An adviser agreement is a legal contract between a company and an individual who will advise the company’s board.
What is an Adviser Agreement?
An adviser agreement is a legal contract between a company and an individual who will advise the company’s board. The agreement sets out the terms on which the adviser will be engaged. The contract is often also known as a board adviser agreement, a business consulting agreement, an independent adviser agreement or a consulting agreement.
When should you use an Adviser Agreement?
An adviser agreement is used when engaging an individual to advise your company’s board. The adviser will typically commit to work for a certain number of hours or days a month. The role will be part-time and broadly defined as they will usually be providing general advice rather than working on a specific project.
If you are looking at engaging someone for a full time role, you should consider whether the individual will be an employee. Employment status is determined by how an individual operates in practice and not the type of agreement you use. In particular, the key factors are (a) mutuality of obligation (i.e. whether the company is required to provide work and whether the individual is required to carry it out), (b) personal service (i.e. whether the individual is required to provide their services personally or whether they could provide a substitute in their place) and (c) degree of control (i.e. how much control the company has over the individual). If the individual is an employee you should use an employment contract rather than the adviser agreement.
If you are looking to bring on an individual for a specific project, you should consider using one of PocketLaw’s consultancy agreements, rather than the adviser agreement. Consultancy agreements include more detail about the services that the individual will be providing as well as clear deliverables that are not appropriate for the role of a board adviser.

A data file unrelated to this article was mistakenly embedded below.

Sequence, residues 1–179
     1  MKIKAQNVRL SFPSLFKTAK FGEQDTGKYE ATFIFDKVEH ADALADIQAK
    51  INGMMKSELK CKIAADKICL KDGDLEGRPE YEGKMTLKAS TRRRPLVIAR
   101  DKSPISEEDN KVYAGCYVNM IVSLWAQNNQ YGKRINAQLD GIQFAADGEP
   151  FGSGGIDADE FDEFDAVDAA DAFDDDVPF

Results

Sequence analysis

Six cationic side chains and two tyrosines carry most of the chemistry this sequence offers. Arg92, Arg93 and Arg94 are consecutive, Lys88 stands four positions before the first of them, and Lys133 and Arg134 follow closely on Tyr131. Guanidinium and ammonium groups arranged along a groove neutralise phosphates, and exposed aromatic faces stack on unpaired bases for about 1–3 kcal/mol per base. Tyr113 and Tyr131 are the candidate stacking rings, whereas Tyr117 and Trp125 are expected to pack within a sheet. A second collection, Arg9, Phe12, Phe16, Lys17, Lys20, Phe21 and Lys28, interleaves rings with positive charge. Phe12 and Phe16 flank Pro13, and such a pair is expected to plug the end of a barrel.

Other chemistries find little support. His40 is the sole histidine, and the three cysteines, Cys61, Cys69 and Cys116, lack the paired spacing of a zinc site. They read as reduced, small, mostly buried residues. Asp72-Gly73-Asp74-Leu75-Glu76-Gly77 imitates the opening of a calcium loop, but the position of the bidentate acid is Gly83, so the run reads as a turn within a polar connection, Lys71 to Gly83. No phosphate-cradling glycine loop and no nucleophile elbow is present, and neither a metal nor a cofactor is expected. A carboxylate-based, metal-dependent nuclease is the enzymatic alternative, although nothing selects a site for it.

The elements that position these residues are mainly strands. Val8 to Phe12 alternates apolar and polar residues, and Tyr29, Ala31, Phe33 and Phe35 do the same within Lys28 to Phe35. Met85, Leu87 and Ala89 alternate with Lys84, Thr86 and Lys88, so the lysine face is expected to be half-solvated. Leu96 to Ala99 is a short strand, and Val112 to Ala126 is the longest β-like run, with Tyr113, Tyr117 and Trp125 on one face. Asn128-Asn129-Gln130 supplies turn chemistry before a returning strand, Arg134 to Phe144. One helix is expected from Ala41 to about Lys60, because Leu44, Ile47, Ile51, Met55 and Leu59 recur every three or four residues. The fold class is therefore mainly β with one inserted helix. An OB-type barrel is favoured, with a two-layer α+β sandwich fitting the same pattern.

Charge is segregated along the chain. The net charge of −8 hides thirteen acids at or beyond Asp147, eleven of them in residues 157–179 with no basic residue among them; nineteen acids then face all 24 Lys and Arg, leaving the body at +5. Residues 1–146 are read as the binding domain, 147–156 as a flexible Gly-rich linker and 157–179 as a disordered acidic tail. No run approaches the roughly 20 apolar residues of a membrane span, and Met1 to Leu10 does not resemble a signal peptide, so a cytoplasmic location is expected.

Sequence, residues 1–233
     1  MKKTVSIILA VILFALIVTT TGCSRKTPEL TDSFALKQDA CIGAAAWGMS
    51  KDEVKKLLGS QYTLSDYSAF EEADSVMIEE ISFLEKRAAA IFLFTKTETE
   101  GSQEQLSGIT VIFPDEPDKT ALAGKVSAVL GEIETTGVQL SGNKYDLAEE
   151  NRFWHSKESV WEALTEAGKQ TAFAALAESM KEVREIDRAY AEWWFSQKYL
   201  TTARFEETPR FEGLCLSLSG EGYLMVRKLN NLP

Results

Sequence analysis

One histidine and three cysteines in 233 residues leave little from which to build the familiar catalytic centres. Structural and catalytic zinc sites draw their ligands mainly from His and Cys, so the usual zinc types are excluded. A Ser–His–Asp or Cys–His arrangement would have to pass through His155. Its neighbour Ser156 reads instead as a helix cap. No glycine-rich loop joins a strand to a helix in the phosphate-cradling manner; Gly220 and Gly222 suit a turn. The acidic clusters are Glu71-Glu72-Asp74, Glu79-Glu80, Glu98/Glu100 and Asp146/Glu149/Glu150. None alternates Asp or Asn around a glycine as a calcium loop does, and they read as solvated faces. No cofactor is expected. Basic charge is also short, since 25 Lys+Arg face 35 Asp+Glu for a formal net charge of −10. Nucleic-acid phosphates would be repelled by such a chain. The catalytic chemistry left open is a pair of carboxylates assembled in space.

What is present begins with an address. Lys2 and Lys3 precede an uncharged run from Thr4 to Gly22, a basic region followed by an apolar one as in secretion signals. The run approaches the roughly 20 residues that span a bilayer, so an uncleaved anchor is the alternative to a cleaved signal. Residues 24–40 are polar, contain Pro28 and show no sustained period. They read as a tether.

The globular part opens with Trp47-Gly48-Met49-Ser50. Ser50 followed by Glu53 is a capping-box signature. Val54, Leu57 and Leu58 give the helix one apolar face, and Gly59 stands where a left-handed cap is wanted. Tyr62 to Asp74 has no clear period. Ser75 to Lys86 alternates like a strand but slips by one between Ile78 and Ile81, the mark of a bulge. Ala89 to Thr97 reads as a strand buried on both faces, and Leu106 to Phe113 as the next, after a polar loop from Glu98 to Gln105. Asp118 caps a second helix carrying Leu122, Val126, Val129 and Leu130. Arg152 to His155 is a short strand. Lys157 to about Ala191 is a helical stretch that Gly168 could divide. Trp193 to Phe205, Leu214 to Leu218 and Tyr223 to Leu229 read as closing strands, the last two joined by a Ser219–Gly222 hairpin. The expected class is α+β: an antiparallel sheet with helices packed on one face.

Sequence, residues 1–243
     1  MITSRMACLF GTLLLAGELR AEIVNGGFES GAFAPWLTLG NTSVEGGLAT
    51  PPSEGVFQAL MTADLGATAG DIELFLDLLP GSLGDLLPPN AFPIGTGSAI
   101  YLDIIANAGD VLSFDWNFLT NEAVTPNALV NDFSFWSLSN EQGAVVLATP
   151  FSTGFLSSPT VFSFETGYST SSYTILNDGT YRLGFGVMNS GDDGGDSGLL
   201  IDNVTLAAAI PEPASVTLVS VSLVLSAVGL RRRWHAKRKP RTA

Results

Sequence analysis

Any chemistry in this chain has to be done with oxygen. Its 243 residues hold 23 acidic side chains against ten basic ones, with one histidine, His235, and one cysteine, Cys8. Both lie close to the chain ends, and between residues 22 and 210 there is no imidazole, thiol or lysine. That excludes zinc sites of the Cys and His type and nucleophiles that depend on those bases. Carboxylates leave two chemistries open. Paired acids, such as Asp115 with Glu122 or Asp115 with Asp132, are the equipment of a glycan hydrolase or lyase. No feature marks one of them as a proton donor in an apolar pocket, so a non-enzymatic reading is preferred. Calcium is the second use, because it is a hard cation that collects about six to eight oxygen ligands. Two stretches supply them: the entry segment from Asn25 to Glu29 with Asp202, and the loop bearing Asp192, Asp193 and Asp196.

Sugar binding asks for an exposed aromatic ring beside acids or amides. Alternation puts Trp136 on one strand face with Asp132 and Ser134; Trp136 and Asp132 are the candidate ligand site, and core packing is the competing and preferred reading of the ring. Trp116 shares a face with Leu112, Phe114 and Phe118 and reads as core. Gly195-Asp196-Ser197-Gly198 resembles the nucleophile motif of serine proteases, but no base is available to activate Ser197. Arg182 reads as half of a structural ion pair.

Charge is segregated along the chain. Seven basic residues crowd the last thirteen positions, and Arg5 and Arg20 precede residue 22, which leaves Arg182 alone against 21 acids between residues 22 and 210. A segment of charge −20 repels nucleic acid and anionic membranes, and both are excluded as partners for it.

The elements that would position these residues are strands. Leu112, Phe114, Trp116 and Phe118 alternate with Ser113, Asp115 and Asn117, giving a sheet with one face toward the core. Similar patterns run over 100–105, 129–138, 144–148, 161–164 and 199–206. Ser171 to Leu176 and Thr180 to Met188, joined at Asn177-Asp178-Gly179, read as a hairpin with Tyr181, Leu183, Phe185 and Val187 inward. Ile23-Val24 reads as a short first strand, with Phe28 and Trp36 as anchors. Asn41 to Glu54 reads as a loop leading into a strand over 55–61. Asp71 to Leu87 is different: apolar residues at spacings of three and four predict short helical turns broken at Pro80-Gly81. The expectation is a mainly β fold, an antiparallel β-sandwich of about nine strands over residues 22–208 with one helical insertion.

Why is an Adviser Agreement important and why should you use it?
Advisers are valuable assets for companies as the arrangement allows a company to benefit from a particular skill set, experience or expertise that it does not have within its existing workforce, without having to use resources such as time and/or money to recruit personnel.
Advisers may want to be involved with the company for a variety of reasons ranging from personal interest to potential financial rewards. An adviser agreement must therefore allow companies to adopt flexible remuneration methods, such as paying the adviser with equity.
Advisers are typically experienced professionals and would expect their agreement with the company to be recorded clearly in a written agreement. A well drafted adviser agreement can help smoothen the negotiation process and give the adviser a favourable impression of your company.
What are the common pitfalls of an Adviser Agreement?
From the company’s perspective it is critical that the contract used properly reflects the employment status of the individual - i.e. a company should only use this agreement where the employment status of the individual is definitely not that of employee. If a company treats an individual as a self-employed contractor when the reality is that they are actually an employee, the company could become liable for unpaid tax and National Insurance contributions (plus interest and penalties) and the likelihood of a dispute on termination (leading to a potential Employment Tribunal claim) is greater.
As advisers will have access to the company’s board, it is essential that the adviser agreement includes robust confidentiality provisions. It is also recommended that the agreement includes restrictions that prevent the adviser from working with a competitor and non-solicitation clauses to prevent the adviser from poaching your employees.
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